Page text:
Journal Article

Analgesic efficacy of rectal acetaminophen and ibuprofen alone or in combination for paediatric day‐case adenoidectomy

H. Viitanen, N. Tuominen, H. Vääräniemi, E. Nikanne and P. Annila

in BJA: British Journal of Anaesthesia

Published on behalf of the British Journal of Anaesthesia

Volume 91, issue 3, pages 363-367
Published in print September 2003 | ISSN: 0007-0912
Published online September 2003 | e-ISSN: 1471-6771 | DOI: https://dx.doi.org/10.1093/bja/aeg196
Analgesic efficacy of rectal acetaminophen and ibuprofen alone or in combination for paediatric day‐case adenoidectomy†

Show Summary Details

Preview

Background. Acetaminophen and non‐steroidal anti‐inflammatory drugs have different mechanisms of action. We investigated if combining rectal acetaminophen with ibuprofen would provide better postoperative analgesia compared with either drug alone after adenoidectomy in children.

Methods. 160 children, aged 1–6 yr, undergoing day‐case adenoidectomy, were randomized to receive either acetaminophen 40 mg kg–1, ibuprofen 15 mg kg–1, their combination, or placebo rectally immediately after anaesthetic induction. A standard anaesthetic method was used and all children received alfentanil 10 µg kg–1 i.v. during induction. Meperidine 5–10 mg i.v. was used for rescue analgesia for a pain score (Objective Pain Scale) over 3. Recovery times, sedation scores and the need for rescue analgesia and adverse events during the first 24 h after anaesthesia were recorded. Rescue analgesic at home was ibuprofen 10 mg kg–1.

Results. Total meperidine requirements were significantly less in the groups receiving acetaminophen, ibuprofen, or their combination compared with the group receiving placebo indicating an opioid‐sparing effect of 19–28% (P<0.05). Children given acetaminophen were more sedated than those given ibuprofen (P<0.05). Discharge criteria were fulfilled earlier in the ibuprofen group than in all the other groups (P<0.05). At home, less children (49%) needed rescue analgesia in the combination group compared with the other groups (74–77%) (P<0.02).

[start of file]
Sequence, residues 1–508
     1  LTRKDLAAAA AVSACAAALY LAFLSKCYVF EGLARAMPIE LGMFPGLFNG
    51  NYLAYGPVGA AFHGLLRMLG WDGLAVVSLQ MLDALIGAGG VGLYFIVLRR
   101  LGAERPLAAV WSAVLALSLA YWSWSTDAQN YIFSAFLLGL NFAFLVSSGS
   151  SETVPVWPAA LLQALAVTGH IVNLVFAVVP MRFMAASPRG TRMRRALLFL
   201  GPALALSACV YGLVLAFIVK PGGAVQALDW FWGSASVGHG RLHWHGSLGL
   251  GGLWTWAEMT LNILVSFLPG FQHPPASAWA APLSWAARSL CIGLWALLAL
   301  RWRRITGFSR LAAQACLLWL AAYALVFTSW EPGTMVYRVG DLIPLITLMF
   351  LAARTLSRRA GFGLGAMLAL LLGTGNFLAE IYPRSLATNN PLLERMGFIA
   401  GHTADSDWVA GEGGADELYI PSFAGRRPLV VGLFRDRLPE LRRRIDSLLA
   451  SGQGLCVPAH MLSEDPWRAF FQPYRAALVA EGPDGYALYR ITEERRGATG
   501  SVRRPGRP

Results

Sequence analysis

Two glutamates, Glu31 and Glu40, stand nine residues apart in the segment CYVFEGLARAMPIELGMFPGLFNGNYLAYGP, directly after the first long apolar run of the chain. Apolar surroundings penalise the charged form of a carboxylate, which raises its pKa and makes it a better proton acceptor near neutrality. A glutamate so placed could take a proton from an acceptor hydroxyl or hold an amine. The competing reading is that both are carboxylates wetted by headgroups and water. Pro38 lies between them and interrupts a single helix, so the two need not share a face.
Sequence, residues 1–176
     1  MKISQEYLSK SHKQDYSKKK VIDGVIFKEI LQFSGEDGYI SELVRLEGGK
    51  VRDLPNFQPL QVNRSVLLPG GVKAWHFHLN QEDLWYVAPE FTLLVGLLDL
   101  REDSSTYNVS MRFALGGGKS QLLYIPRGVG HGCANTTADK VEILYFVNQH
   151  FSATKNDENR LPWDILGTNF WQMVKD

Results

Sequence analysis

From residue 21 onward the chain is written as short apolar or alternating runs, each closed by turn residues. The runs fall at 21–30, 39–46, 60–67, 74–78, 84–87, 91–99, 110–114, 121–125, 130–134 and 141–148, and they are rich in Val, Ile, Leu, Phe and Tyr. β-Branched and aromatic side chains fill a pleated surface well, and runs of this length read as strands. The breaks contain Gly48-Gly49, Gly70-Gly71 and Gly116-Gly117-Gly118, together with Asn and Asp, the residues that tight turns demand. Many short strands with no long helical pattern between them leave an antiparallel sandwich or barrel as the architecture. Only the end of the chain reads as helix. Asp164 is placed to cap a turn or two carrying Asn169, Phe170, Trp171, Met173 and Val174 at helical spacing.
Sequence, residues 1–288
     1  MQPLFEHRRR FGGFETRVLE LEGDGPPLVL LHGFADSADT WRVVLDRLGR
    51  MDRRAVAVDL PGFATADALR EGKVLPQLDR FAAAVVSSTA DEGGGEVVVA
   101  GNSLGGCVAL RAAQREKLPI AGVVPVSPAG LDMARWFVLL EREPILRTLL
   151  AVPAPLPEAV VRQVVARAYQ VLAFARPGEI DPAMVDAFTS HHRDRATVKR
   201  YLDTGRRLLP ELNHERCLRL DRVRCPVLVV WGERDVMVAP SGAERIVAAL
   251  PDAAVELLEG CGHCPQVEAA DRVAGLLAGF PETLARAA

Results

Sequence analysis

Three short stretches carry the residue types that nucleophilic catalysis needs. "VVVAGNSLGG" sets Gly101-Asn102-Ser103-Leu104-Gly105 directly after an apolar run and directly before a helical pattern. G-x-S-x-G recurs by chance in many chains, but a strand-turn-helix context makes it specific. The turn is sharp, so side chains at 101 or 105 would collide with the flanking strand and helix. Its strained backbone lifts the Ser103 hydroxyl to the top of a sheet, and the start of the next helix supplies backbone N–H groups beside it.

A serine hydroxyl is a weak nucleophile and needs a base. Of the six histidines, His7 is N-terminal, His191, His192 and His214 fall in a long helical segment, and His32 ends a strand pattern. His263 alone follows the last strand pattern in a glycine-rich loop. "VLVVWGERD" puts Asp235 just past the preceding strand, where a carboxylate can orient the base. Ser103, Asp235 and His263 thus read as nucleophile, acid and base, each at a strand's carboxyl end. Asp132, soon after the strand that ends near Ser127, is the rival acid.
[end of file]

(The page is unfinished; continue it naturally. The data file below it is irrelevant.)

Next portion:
Conclusions. We conclude that prophylactically administered rectal acetaminophen combined with ibuprofen does not improve analgesia after adenoidectomy in the immediate postoperative period compared with either drug alone but does decrease the need for analgesia at home. Ibuprofen results in lesser sedation and faster discharge than when acetaminophen is used.

Br J Anaesth 2003; 91: 363–7

Keywords: Keywords: anaesthesia, day‐case; analgesia, paediatric; analgesics non‐opioid, acetaminophen; analgesics non‐opioid, ibuprofen; pain, postoperative; sedation

Journal Article.  3317 words.  Illustrated.

Subjects: Anaesthetics

Full text: subscription required

How to subscribe Recommend to my Librarian

Users without a subscription are not able to see the full content. Please, subscribe or login to access all content. subscribe or purchase to access all content.